Pro-Life, Pro-Paid Family Leave

A Worthwhile Proposal 


John Stonestreet

Roberto Rivera

Recently, in the UK Guardian, a woman told of her decision to have an abortion, but this wasn’t one of those “My abortion was personally empowering” type of stories.  Hers was a real-life dilemma faced by too many women. Let me be clear: Her reasons in no way justify her decision to have an abortion, but pro-lifers should listen to her story carefully and take her circumstances seriously, if we hope to build a culture where abortion is not just illegal, but unthinkable.

Charlotte Sullivan was newly married and newly employed when she learned she was pregnant. As a new hire, she didn’t qualify for the six-week paid parental leave her employer offered. Her husband’s job also didn’t pay enough for both of them plus a new baby to live on during those six weeks.

So, they agonized for several weeks before ultimately deciding to abort the child. The inner conflict she experienced in making the choice, and continues to feel since, is palpable throughout the article.

Sullivan’s story isn’t unique. Though women have abortions for a variety of reasons, there’s no question that, in certain cases, financial pressures play a role for many.  We’ll have to take these pressures into account if we hope to build a culture of life.

Paid family leave is a good place to start.

According to current data about abortion, nearly half of women who have an abortion live below the federal poverty level. To put that in perspective, the federal poverty level for a family of two—say a husband and wife—is an income of $17,420 a year. In other words, many abortion-minded women feel they simply can’t afford to take unpaid time off from work.

This year, paid family leave has become a bit of a priority on various political agendas on both sides of the aisle.

During his State of the Union address last week, President Trump threw his support behind the “Advancing Support for Working Families Act,” which was introduced late last year by Arizona Democrat Senator Kyrsten Sinema and Louisiana Republican Senator Bill Cassidy. An exclusively Democratic proposal entitled the “Family Act” is also on the table.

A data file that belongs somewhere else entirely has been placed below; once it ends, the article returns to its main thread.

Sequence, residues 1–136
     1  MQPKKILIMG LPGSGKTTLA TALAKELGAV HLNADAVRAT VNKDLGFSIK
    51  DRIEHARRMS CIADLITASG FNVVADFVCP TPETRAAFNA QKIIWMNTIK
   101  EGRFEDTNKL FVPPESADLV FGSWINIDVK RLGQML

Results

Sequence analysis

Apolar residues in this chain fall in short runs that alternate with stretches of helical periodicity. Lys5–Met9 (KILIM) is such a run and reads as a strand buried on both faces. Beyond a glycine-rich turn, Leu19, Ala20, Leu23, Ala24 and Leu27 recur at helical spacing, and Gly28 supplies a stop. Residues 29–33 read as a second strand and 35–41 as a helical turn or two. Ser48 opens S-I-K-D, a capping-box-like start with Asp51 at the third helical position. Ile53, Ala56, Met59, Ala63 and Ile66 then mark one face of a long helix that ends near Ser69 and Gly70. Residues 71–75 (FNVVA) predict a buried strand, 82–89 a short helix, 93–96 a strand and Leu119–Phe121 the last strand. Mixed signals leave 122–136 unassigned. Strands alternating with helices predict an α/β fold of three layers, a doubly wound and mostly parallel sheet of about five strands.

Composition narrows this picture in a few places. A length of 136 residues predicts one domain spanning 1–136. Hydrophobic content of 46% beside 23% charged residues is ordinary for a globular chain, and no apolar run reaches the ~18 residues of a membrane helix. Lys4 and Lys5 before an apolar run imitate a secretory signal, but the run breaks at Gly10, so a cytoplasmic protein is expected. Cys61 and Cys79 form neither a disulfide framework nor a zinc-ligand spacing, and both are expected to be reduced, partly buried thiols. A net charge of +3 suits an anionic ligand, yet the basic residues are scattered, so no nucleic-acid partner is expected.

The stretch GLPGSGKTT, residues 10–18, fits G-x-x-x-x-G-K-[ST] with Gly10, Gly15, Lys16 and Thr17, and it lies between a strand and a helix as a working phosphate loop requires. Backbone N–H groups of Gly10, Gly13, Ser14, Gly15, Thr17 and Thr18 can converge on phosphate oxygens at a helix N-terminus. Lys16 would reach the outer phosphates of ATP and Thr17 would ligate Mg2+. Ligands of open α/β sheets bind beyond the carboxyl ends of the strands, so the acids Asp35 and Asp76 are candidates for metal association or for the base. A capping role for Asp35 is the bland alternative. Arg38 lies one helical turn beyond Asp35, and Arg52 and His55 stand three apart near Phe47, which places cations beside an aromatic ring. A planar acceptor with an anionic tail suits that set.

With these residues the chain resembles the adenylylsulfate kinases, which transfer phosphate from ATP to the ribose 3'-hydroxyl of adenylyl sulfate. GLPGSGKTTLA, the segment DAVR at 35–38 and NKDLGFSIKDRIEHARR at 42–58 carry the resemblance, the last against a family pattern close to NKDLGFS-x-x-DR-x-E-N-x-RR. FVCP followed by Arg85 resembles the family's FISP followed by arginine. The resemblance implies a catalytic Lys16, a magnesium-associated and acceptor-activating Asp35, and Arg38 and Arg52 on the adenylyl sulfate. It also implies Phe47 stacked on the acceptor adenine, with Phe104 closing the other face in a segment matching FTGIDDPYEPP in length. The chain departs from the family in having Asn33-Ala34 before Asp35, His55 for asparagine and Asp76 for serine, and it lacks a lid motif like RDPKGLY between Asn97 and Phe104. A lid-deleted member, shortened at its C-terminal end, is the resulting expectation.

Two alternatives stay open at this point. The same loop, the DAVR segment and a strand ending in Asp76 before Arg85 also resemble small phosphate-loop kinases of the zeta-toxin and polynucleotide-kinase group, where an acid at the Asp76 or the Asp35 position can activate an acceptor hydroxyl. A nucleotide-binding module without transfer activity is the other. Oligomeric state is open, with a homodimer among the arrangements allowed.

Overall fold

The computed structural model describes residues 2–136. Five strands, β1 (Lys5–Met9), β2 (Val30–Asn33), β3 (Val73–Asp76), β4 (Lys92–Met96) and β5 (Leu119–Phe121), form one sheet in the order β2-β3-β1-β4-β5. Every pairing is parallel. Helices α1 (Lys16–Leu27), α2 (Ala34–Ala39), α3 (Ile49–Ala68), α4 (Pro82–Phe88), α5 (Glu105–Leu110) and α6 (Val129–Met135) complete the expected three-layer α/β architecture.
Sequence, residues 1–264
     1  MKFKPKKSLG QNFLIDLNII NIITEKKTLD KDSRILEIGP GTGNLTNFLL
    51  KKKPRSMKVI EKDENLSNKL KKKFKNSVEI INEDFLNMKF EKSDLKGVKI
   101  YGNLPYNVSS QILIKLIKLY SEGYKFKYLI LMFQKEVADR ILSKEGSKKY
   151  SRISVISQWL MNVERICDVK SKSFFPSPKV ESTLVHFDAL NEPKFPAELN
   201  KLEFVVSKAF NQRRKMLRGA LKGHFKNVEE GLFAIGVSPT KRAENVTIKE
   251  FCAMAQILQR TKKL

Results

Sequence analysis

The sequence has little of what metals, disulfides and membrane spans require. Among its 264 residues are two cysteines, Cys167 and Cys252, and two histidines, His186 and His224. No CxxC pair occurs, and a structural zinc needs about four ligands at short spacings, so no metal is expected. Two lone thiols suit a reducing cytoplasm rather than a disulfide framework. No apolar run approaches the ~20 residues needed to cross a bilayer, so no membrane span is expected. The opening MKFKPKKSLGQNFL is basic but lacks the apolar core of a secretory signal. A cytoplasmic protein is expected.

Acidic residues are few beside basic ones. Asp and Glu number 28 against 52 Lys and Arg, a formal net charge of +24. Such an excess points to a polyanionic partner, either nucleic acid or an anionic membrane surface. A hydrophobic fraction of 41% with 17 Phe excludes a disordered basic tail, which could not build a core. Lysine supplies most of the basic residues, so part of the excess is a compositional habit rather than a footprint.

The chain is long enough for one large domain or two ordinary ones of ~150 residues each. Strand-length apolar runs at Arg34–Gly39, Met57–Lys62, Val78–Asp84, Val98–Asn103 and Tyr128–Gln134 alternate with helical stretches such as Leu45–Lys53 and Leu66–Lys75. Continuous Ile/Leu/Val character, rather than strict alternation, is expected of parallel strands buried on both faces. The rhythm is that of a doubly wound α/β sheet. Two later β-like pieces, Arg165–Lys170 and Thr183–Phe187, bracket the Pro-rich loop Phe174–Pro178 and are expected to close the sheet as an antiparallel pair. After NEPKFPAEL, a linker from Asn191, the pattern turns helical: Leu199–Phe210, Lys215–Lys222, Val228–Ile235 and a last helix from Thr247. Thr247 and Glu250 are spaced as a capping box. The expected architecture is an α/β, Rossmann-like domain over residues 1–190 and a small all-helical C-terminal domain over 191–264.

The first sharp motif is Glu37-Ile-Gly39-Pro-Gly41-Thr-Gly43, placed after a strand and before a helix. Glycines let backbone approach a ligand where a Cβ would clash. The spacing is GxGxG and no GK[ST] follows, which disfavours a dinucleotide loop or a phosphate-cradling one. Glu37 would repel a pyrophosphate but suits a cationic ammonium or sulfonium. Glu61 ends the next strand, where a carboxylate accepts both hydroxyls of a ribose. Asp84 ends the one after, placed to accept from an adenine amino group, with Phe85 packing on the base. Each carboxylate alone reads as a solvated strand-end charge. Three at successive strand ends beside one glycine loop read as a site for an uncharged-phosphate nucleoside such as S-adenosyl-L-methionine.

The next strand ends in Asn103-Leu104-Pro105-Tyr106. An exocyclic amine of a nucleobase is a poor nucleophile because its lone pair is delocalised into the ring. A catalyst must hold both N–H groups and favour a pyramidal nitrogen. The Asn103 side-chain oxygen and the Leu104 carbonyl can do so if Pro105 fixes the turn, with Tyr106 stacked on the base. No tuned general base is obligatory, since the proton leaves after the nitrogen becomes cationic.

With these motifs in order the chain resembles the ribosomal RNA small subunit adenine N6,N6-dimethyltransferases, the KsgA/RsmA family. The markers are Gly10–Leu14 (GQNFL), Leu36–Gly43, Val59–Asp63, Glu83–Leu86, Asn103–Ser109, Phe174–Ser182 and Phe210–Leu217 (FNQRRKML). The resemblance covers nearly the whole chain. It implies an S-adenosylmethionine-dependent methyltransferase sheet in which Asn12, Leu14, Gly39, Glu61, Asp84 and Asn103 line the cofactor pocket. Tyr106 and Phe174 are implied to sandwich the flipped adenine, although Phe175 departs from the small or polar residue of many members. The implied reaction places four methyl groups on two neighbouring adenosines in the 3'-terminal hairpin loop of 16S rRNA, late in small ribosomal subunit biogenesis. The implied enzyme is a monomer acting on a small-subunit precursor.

Not surprisingly, there are differences between the two. The bipartisan bill favored by the President would allow couples, who become new parents by birth or adoption, to collect a portion of their future child tax credits early and receive a smaller credit for the next 10 to 15 years.

As the New York Times describes, parents would be “borrowing from themselves.” Assume a new parent withdrew $5,000 to cover her six-week leave. Over the next ten years, her child tax credit, which maxes out at $2,000 a year, could be reduced by $500 a year.  At the same time, this bill “would not guarantee that a person’s job is protected when taking the leave.”

The Democratic proposal would be funded by a payroll tax averaging about $120 per worker and would not affect the child tax credit. Unlike the Sinema-Cassidy proposal, it would protect the employee’s job.

Neither bill is likely to become law this year, but the issue is getting the national attention it needs to advance.

For years, the Church has taken the lead in the building a culture of life through pregnancy care centers, adoption agencies, and sound arguments. We should also back policies that will encourage women to choose life.

Abortion advocates often point to poor women having to choose between their livelihood and their pregnancy. It’s a red herring that distracts from the central question of whether or not abortion takes an innocent life. Still, we can only advance the cause of life by assisting women and families that face dire financial situations.

Kudos to the President and to those in Congress who are seeking a way forward for paid family leave. And special thanks to those organizations and activists who’ve championed this cause for so long. It’s a cause worthy of our support.


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